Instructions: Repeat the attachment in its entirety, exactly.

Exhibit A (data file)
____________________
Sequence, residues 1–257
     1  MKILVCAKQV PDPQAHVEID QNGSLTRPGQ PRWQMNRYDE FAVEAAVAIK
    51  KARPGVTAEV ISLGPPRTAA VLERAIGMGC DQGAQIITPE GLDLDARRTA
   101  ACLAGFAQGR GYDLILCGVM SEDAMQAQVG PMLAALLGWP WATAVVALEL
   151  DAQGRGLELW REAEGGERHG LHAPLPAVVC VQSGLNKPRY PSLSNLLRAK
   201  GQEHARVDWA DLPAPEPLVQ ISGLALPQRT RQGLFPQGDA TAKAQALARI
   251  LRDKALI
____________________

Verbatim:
Sequence, residues 1–257
     1  MKILVCAKQV PDPQAHVEID QNGSLTRPGQ PRWQMNRYDE FAVEAAVAIK
    51  KARPGVTAEV ISLGPPRTAA VLERAIGMGC DQGAQIITPE GLDLDARRTA
   101  ACLAGFAQGR GYDLILCGVM SEDAMQAQVG PMLAALLGWP WATAVVALEL
   151  DAQGRGLELW REAEGGERHG LHAPLPAVVC VQSGLNKPRY PSLSNLLRAK
   201  GQEHARVDWA DLPAPEPLVQ ISGLALPQRT RQGLFPQGDA TAKAQALARI
   251  LRDKALI